Sudan‘s ruling military council has announced a raft of concessions aimed at appeasing protesters calling for a civilian-led transition to democracy following the overthrow of longtime ruler Omar al-Bashir.
Shams Eldin Kabashi, a spokesman for the council, vowed on Sunday to restructure the widely feared National Intelligence and Security Service (NISS), a key demand from the political parties and movements behind the months-long protests that triggered Bashir’s removal by the armed forces.
Activists accuse NISS forces of violently cracking down on protests as well as an ongoing sit-in outside the army headquarters, killing dozens of protesters and wounding hundreds more.
Kabashi said the council has appointed Lieutenant General Abu Bakr Mustafa to head the NISS following the recent resignation of Salah Abdallah Mohamed Saleh, known as Salah Gosh.
He also announced the removal of General Awad Ibn Auf from his post as defence minister.
The general had initially assumed power, taking oath as the head of a military council that he said would rule the country for a two year-transitional period, but was forced to step down a day later in the face of mass protests for a civilian-led transitional administration.
Ibn Auf was replaced by Lieutenant General Abdel Fattah al-Burhan, who pledged on Saturday to “uproot the regime” of al-Bashir, release detained protesters and hold talks with all political parties and groups behind the months-long protests.
Hours later, a 10-member delegation representing the protesters delivered their demand to the council. They included an immediate handover of power to a civilian-led body, reforms to the NISS and release of protesters.
‘We will never leave’
On Sunday, the Sudanese Professionals Association (SPA), which spearheaded the protests, said they will keep up street demonstrations until a civilian transitional government, as outlined in the so-called Declaration of Freedom and Change signed by various political and professional groups in January, is formed.
In a nine-point list of demands, the SPA also called for a freeze on the assets of top officials of al-Bashir’s government, dismissal of all top judges and prosecutors, and the arrest of al-Bashir, Gosh and Mohamed Atta, a former NISS head who was appointed as Sudan’s envoy to Washington last year.
In his statement, Kabashi said Atta had been sacked from his post.
Khartoum’s ambassador in Geneva had also been removed, he said, adding that all police officers arrested for participating in the protests would also be freed. The council will also form a committee to take over the assets of al-Bashir’s party, he added.
Al Jazeera’s Hiba Morgan, reporting from the capital, Khartoum, said the military’s concessions amounted to “less than what some people wanted”.
Reforming NISS, while significant, “was not the main issue standing between the two sides – the main issue was how will the military council operate under the transitional government,” said Morgan.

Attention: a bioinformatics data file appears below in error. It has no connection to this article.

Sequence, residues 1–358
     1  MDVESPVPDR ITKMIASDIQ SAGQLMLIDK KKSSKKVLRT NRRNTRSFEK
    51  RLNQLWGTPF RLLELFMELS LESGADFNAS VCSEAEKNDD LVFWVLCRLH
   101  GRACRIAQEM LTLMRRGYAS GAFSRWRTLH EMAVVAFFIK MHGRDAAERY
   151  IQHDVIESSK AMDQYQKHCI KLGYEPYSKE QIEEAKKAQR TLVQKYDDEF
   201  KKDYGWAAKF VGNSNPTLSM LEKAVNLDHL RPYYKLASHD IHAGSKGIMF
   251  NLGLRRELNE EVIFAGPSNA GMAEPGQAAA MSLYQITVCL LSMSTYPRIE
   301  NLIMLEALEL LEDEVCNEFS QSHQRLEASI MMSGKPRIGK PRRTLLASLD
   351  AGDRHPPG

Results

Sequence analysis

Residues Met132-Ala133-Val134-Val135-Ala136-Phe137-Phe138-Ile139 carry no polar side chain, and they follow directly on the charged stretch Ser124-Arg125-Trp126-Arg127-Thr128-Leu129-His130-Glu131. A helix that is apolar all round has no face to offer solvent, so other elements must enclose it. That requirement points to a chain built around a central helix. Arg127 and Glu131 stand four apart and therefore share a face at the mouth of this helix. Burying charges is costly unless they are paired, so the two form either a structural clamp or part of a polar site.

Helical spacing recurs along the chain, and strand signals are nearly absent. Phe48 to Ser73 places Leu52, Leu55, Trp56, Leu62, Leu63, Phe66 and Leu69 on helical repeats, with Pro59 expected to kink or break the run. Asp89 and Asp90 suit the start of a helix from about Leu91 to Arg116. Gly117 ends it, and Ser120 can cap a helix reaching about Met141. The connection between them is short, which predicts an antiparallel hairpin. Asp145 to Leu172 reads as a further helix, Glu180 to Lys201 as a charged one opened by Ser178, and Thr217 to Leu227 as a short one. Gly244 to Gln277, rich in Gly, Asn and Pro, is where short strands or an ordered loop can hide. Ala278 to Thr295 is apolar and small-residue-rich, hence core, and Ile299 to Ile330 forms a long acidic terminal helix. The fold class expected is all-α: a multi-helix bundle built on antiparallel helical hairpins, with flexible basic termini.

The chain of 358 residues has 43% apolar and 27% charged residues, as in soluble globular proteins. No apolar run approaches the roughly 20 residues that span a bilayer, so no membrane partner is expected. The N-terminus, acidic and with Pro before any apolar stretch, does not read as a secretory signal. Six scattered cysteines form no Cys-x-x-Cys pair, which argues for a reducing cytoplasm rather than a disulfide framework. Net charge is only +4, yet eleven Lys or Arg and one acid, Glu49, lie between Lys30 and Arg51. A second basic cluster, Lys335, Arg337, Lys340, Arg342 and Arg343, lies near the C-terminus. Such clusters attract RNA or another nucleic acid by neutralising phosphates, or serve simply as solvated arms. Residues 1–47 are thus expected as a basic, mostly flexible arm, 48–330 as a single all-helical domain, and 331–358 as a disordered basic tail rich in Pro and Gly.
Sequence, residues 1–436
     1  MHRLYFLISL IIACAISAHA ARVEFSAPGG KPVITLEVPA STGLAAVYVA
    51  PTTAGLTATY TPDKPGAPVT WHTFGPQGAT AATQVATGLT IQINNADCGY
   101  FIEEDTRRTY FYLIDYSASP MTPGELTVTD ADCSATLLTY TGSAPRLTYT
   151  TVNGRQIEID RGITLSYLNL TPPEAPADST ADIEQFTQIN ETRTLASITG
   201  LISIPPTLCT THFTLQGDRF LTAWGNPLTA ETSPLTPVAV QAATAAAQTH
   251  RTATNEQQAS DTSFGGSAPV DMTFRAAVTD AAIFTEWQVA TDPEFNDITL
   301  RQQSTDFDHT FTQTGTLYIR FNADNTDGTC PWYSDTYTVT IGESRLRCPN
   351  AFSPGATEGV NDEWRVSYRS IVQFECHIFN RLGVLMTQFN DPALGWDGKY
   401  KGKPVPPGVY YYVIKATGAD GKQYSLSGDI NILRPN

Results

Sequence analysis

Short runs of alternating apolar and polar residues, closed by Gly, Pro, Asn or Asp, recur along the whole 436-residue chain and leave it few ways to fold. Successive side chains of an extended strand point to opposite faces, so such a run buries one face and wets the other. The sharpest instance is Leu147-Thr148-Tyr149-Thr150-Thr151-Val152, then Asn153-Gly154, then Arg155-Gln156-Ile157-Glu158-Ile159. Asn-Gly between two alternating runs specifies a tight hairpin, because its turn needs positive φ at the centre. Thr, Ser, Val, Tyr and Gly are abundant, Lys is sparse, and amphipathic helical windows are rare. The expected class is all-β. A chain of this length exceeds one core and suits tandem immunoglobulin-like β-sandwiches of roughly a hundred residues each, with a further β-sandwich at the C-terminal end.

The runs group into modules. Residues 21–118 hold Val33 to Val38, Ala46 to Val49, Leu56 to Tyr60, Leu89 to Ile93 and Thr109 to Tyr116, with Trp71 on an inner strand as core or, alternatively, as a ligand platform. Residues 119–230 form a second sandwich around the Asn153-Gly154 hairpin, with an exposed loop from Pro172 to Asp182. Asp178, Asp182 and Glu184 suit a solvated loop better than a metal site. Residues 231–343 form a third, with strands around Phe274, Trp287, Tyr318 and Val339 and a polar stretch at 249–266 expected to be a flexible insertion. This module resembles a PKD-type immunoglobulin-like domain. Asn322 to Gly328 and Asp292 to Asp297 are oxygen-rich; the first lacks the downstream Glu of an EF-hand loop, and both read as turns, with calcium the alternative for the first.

“There were concerns from the political parties that the military council will oversee the government and that’s something they do not want. They want an independent government in which the military council serves only as a protector.”
Protesters at the Khartoum sit-in, meanwhile, said the council’s reforms did not go far enough and called on the ruling body to hand over power immediately.
“We will never leave this square, our only [means of] power to put pressure on this military council is our sit-in here, so we will continue until we achieve all our demands,” Randa Mohamed, 22, told Al Jazeera.
Fellow demonstrator Mohamed Atia, 39, agreed.
“We still need the power to be transferred to the civilians and [for] the dissolution of the ruling party and the militias of the ruling party [to take place],” Atia said.
Earlier on Sunday, the military council met with some political parties in Khartoum and urged them to agree on an “independent figure” to lead Sudan as prime minister.
“We, your brothers in the armed forces, are asking you to support us with your initiatives to brave through the transitional period,” said General Yasir Atta. “We need and hope all of you within a short span of time come to a consensus and agreement upon one figure, a patriotic independent person, to lead the government.”
The military wants to hold on to the interior and defence ministries in any transitional government, he said.
Sudan’s foreign ministry, meanwhile, urged the international community to back the country’s military council to help facilitate a “democratic transition”.
Al-Burhan was “committed to having a complete civilian government and the role of the council will be to maintain the sovereignty of the country,” the ministry said, adding that he intended to prepare an environment for political parties and civil society to build themselves up “in order to have a peaceful transition of power”.
On Sunday, Saudi Arabia and the United Arab Emirates issued statements in support of the transitional military council.
Saudi Arabia said it “stands by the Sudanese people” and called on all Sudanese “to give priority to the national interest” of their country. The UAE called on the Sudanese “to work for protecting legitimacy and ensuring a peaceful transfer of power”.
Saudi King Salman ordered an unspecified package of aid for Sudan that includes petroleum products, wheat and medicine.
Mohammed Amin contributed to this report from Khartoum